||John Bastwick was born at Writtle, in Essex, 1593. After an education at Cambridge, he travelled, and commenced M.D. at Padua. On his return, he became a physician at Colchester.
In 1633, he printed, in Holland, for dispersion at home, a Latin treatise
entitled Elenchus Religionis Papisticæ, with an Appendix called, Flagellum Pontificis et Episcoporum Latialium. For these books, which
were ordered to be burned, he was sentenced in the Star Chamber to
pay a fine of 1000l., to be excommunicated, debarred his practice of
physic, and imprisoned till he made a recantation.
During this imprisonment, he published Apologeticus ad Prœsules Anglicanos, and 'The New Litany.' For these he became, in 1637, a fellowsufferer with Prynne and Burton, under a cruel sentence of the Star
Chamber, which appears to have been cruelly executed; for, besides the
bloody mutilations which succeeded, the pillory was so placed, as we
learn from a spectator, that "all their faces looked southward, the bright
sun, all the while, for the space of two hours, shining upon them."
"The Lord Cottington's censure" was in these words:
"I condemn these three men to loose their eares in the Pallace-yard
at Westminster, to be fined 5,000l. a man to his Majestie: and to perpetual imprisonment in three remote places of the kingdom, namely, the castles of Carnavan, Cornwall, and Lancaster."
At "the execution of the Lords' censure," June 30, these victims
of the Court had "their way strawed," by the sympathising people
"with sweet hearbes from the house out of which they came, to the pillory, with all the honour which could be done unto them."
I here quote a scarce 4to. pamphlet, "printed in the yeere 1637," entitled "A Briefe Relation of certain speciall and most materiall Passages and Speeches in the Starre-Chamber, occasioned and delivered
June 14, 1637, at the censure of those three worthy gentlemen, Dr.
Bastwicke, Mr. Burton, and Mr. Prynne, as it hathbeen truely and faithfully gathered from their own mouthes by one present at the sayd censure.
According to this Briefe Relation, Dr. Bastwick thus addressed the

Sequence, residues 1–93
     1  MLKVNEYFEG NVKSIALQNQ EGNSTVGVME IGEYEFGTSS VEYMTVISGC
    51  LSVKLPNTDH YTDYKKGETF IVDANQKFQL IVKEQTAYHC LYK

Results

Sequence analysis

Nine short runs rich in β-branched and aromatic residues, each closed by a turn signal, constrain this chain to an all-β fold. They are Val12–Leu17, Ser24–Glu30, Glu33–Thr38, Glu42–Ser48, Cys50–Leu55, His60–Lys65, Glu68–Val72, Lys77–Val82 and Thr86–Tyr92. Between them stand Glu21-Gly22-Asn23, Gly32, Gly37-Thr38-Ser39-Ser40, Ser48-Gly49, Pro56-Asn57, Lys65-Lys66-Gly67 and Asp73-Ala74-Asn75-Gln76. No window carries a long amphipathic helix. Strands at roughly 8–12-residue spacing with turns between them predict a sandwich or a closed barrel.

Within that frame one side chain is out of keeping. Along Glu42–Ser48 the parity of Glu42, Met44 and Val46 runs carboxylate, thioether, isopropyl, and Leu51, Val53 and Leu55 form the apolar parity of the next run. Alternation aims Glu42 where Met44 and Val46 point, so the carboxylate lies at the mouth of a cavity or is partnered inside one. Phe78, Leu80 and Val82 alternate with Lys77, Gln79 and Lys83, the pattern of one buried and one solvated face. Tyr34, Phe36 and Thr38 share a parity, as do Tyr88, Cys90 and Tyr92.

Lord Keeper (Cottington).
"My lord, here is my answer, which, if my Counsel be so base and
cowardly that they dare not signe it" (according to the forms of the
Court,) "for fear of the prelates, yet I tender it upon my oath. But if
all this will not prevail upon your Honours to peruse my bookes and heare
my answer read, which here I tender upon the word and oath of a soldier, a gentleman, a scholer, and a physician, I will cloath them in Roman Buffe" (the latin language) "and disperse them throughout the
Christian world, that future generations may see the innocency of this
cause, and your Honours' unjust proceedings in it; all which 1 will do,
though it cost me my life."
November, 1640, on the meeting of the Long Parliament, when Laud's
day of reckoning was come, and that of his royal master was rapidly advancing, Dr. Bastwick was immediately released from St. Mary's Castle
in Scilly, whither he had been removed from Cornwall, and where "his wife was not permited to have any access to him, nor even suffered to set
foot in the island."
He landed at Dover, Dec. 4," was loaded with presents, and received
every where with acclamations of joy," being "met by great crowds of
Londoners, with boughs and flowers in their hands." Feb. 21, the proceedings against him were voted illegal, and the sentence was reversed.
It was proposed, for reparation of his losses, that he should receive 5000l.
out of the estates of Laud and the other Commissioners. This was never
paid; and in 1644 and 1648, his case appears to have come before the
House. Dr. Bastwick is supposed to have died at Colchester, but the
year is uncertain. See Brit. Biog. iv. 274. Biog. Brit. (1778) i. 680–
Dr. Bastwick, according to Lord Clarendon, was, in 1642, engaged in
military service, and in that capacity taken prisoner at Leicester, by
King Charles. History, i. 697. According to Whitlock (p. 107), in 1644,
"Dr. Bastwick was exchanged for Colonel Huddlestone."